The following is adapted from the doctoral thesis of Miarim-Ni, associate professor of xeno-archaeology at Galactic University-Nux campus and senior field archaeologist for the Inter-species Cultural History Project. All Rights Reserved, used by permission of Galactic University Press and the author.
It has been said that all sentient forms of life experience what amounts to a “coming of age” moment–when genetic evolution, social amelioration and cultural advancements coalesce in a perfect storm that produces rapid intellectual, literary and cultural growth over a short period of time.
It is this observed reality that this paper seeks to discuss. Evidence from various, and far flung, planets uncovered over the last six hundred years of archaeological endeavors suggests that all of these major periods of rapid progress owe their genesis to a race of exceptionally advanced beings known to archaeologists and history scholars as “The Kindlers.” It is generally agreed that these accounts are based in history, though perhaps distorted through time and the religious context many of these species ascribed to their work.
Evidence suggests that the Kindlers may have aided evolution in its task–that is, they helped to accelerate the processes required to produce the “perfect storm” of growth and progress. There are many such examples in the archaeological record of certain “god-like” beings aiding species in becoming more than they were; these examples are both literary and illustrative.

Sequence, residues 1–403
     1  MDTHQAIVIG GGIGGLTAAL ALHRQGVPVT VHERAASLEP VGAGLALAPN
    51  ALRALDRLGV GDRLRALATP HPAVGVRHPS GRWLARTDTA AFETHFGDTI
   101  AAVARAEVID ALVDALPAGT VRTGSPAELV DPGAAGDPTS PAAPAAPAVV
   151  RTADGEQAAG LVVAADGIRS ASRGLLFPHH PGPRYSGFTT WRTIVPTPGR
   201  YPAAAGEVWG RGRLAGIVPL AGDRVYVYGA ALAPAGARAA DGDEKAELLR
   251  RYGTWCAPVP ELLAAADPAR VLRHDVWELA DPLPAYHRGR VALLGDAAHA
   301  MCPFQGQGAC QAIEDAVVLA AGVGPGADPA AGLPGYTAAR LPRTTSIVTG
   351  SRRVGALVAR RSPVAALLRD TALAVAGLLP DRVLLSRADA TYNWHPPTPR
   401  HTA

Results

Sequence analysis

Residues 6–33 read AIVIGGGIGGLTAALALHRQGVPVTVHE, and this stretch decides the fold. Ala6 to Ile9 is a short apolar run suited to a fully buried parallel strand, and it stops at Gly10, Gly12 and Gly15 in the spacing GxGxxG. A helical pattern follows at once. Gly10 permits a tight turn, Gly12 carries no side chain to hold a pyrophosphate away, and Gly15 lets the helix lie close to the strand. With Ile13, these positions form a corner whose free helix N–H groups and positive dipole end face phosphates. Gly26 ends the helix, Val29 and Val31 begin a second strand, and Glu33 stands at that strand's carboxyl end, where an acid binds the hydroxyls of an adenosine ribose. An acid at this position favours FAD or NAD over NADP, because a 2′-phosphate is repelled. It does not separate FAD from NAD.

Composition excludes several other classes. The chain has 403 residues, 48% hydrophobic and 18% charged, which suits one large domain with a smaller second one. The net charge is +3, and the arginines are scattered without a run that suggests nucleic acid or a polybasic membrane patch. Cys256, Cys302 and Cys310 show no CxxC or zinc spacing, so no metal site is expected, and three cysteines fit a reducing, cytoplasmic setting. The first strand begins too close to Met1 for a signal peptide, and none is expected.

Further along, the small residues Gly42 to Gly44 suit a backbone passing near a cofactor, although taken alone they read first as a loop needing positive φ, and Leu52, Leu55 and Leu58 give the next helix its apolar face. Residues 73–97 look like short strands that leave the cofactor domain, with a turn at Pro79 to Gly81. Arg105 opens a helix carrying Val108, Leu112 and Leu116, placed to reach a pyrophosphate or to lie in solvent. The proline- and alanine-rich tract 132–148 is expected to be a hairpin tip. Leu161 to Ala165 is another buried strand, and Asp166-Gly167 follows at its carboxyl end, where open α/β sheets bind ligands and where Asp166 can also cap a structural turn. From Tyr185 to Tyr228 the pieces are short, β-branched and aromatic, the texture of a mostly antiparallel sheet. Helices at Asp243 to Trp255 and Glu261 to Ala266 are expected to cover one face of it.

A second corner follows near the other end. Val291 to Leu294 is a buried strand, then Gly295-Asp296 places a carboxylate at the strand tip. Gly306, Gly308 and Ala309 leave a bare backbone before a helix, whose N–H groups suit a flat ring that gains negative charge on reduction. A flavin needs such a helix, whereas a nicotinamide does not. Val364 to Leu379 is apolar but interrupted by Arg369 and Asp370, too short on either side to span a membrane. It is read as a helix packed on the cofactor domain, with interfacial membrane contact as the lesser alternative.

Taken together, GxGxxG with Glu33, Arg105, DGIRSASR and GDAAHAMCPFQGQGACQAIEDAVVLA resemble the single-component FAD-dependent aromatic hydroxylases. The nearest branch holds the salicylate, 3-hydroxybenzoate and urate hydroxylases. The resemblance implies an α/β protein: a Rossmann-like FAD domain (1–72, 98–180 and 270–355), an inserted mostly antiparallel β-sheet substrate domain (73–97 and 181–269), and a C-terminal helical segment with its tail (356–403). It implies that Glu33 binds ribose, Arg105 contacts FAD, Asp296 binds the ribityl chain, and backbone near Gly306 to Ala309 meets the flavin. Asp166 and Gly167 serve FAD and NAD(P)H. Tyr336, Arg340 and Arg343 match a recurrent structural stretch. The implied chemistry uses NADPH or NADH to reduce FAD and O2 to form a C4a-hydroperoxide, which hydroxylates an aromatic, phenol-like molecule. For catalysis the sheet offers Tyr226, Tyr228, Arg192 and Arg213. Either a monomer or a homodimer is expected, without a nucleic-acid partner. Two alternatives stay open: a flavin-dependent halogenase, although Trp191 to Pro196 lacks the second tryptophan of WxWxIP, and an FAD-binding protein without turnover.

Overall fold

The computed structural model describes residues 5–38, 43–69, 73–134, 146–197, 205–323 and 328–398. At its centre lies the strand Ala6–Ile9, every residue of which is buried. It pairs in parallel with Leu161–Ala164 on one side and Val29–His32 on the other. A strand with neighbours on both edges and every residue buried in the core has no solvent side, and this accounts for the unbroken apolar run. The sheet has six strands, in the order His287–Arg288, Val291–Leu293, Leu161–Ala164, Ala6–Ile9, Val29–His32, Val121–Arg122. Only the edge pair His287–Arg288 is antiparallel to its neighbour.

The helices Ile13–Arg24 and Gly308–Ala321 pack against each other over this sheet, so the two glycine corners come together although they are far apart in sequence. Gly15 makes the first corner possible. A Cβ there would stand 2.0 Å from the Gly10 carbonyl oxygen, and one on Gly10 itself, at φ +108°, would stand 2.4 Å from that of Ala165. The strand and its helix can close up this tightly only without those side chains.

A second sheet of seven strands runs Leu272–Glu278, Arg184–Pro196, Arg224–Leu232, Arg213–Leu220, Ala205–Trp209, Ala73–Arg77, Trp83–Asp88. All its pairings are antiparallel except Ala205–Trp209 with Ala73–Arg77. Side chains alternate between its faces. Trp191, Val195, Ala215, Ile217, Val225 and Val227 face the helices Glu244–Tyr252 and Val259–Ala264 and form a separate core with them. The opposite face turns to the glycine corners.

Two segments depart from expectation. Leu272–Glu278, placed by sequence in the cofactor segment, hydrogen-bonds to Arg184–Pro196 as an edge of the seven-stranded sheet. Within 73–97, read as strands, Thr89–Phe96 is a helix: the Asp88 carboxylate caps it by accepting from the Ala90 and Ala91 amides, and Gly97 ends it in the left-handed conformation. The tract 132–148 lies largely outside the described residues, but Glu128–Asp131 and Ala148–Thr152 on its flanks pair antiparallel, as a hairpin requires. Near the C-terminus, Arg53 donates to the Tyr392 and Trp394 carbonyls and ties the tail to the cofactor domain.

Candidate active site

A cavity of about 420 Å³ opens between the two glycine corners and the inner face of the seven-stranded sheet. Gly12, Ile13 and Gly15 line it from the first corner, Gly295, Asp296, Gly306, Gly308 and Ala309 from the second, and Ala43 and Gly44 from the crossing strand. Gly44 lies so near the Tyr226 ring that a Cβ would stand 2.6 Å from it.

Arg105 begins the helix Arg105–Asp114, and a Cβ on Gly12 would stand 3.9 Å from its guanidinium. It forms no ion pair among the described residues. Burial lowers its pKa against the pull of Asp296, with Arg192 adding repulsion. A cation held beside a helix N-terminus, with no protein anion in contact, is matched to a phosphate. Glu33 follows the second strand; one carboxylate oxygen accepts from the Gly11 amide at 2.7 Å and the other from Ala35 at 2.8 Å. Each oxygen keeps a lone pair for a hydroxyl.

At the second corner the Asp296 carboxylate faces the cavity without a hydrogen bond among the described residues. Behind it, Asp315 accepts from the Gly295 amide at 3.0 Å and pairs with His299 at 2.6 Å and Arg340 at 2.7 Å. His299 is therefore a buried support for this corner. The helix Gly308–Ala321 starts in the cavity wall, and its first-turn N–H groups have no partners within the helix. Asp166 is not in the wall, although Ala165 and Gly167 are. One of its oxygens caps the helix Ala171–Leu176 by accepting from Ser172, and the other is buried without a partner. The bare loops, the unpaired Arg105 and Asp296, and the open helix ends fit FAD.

Perhaps the example provided by the humans from Sol is to be useful: They bear forward an ancient myth of a titan (a godlike being by all accounts), called Prometheus, who provided the fledgling humans with the gift of fire–effectively jump starting their cultural advancement.
Who were these Kindlers? What was their motivation for aiding evolution? Where were they from? And where did they go? The simple answer is: we do not yet know. But it shall be the purpose of this paper to examine some of the evidence that we do have in hopes that one day we might better understand the Kindlers.